A love affair to remember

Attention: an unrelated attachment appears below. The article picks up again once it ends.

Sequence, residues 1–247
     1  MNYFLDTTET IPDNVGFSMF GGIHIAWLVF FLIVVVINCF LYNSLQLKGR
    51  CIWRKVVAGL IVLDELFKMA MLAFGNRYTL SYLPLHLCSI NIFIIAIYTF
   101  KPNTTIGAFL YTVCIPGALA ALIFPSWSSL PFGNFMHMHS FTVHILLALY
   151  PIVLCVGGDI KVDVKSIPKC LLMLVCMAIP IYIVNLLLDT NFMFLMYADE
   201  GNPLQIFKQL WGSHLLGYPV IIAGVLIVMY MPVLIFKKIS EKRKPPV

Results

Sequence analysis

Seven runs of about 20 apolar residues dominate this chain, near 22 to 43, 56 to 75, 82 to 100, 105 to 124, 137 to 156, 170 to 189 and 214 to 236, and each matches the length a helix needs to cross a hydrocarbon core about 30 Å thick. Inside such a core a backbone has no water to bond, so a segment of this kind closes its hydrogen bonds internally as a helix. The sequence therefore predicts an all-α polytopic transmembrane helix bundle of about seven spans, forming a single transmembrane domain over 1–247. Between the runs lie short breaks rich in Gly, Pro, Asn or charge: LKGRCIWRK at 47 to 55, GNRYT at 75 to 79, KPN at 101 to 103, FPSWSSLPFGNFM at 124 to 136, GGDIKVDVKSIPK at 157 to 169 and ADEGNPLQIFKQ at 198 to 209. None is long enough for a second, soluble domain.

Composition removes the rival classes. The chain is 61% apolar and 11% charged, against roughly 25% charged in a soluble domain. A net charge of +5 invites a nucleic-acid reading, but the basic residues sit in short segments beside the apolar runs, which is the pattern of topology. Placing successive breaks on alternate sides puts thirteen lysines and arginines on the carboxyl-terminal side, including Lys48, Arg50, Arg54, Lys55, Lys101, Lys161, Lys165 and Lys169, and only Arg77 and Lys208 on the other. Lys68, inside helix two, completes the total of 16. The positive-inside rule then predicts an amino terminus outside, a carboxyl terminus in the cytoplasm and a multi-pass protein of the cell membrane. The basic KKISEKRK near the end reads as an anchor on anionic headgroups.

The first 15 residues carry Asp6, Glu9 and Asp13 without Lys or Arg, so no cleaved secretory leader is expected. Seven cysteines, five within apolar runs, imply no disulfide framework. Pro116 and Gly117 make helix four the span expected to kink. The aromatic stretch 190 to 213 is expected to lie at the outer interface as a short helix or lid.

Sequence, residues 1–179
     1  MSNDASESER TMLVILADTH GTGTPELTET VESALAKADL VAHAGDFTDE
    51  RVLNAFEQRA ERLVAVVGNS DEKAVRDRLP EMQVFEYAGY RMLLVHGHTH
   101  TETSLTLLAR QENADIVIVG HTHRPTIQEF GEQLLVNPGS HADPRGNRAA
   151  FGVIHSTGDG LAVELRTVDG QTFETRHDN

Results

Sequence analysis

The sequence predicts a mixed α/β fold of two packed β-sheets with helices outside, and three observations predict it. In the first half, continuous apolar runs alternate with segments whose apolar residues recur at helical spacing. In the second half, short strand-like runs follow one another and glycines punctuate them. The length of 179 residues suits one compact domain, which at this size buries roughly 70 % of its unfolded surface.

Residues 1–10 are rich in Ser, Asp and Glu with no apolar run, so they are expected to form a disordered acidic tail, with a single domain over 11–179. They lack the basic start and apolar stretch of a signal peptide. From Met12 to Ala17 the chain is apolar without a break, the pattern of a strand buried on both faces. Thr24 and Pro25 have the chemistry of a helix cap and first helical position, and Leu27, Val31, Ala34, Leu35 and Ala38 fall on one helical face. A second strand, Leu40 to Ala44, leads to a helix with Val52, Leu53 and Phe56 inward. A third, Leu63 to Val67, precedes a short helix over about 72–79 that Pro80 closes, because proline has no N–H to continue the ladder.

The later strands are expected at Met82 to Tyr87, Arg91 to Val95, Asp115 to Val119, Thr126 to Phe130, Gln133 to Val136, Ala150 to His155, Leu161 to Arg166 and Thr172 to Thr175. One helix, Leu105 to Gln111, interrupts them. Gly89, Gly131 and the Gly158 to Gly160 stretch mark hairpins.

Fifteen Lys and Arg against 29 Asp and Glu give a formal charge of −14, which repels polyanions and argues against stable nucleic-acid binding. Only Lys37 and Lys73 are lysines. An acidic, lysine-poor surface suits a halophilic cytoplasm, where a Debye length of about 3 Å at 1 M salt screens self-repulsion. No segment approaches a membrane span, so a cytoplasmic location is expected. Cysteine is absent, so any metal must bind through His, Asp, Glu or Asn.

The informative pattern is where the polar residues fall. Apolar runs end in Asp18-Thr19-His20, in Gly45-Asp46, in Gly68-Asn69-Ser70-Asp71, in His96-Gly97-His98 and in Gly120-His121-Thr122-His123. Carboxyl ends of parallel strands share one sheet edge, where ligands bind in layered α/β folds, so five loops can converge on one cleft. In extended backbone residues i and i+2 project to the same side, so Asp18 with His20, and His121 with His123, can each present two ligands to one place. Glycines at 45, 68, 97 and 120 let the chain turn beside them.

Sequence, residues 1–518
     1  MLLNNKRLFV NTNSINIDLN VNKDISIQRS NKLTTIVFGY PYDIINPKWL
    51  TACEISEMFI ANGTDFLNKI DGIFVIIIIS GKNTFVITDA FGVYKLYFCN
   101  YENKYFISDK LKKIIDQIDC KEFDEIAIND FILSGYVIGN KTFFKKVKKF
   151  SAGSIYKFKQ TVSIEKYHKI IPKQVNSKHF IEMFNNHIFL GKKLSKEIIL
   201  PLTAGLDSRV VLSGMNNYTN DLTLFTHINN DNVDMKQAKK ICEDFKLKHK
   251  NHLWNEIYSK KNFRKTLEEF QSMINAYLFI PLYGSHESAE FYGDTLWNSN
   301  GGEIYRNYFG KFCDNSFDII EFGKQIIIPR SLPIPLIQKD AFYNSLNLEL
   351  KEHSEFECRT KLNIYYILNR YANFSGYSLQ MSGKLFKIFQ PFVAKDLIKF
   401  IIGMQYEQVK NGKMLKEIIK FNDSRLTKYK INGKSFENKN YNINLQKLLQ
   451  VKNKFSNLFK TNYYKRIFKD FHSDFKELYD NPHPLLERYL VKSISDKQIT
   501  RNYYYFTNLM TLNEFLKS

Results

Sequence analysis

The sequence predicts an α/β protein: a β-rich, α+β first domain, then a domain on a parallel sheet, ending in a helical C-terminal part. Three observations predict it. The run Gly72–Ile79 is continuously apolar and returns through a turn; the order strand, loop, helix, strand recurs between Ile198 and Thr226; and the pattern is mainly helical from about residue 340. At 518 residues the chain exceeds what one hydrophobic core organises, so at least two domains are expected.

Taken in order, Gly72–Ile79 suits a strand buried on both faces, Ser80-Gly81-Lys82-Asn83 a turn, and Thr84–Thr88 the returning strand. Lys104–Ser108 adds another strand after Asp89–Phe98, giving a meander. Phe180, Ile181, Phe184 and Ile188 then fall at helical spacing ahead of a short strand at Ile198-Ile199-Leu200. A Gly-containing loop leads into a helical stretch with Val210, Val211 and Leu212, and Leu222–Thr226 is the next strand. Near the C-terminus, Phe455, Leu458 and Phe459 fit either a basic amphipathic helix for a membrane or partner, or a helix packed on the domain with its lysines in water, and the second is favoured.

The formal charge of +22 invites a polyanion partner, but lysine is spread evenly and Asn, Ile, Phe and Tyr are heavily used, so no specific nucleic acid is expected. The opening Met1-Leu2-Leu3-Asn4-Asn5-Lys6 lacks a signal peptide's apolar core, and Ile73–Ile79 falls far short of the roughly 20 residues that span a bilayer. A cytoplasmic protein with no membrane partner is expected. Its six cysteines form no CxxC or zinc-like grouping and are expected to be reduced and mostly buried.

It's always satisfying to encounter someone who consistently makes worse decisions than you do even if that person is fictional. The narrator of Patricia Marx's novel is just such a person: in other words, a total disaster. She's smart, she's funny and she's completely scatterbrained. She's trying to tell us about her ex-boyfriend, Eugene Obello, whom she met while studying abroad at Cambridge and with whom she is obsessed. But this might be the most tangent-heavy book since Tristram Shandy. This is not a bad thing; the tangents are a lot more fun than Eugene, a wholly unworthy object of affection. His job is to be brilliant and insufferable and make us wonder why our likable heroine can't see how awful he is. Marx used to write for Saturday Night Live and was the first woman on The Harvard Lampoon. So you can guess that when she writes about heartbreak, it's hilarious. Despite all the tangents, our heroine cannot let go of Eugene, even long after he's let go of her, married someone else, moved away and had a kid. The extremes of denial she engages in are so sad that you can't help laughing. Almost nothing about Eugene justifies this devotion; it's only about halfway through the novel that we even hear the narrator's brief laundry list of things she likes about him. But the book's not about him, anyway. He could be anyone. (Well, anyone terrific-looking with an outsized vocabulary, fake English accent and encyclopedic knowledge of classical mythology.) This book is about a smart, gung-ho girl who is consistently thrown off track by an undeserving guy. Half of the time you want to kick her for being so stuck on this obvious cad, but she's such a crackup that you can't stay mad and besides, who hasn't been stuck on a guy who didn't deserve it? Still, as common as the experience may be, the book is a rare creature: an entertaining romp of a novel whose sass and smarts elevate it well above the chick lit label. Becky Ohlsen writes from Portland, Oregon.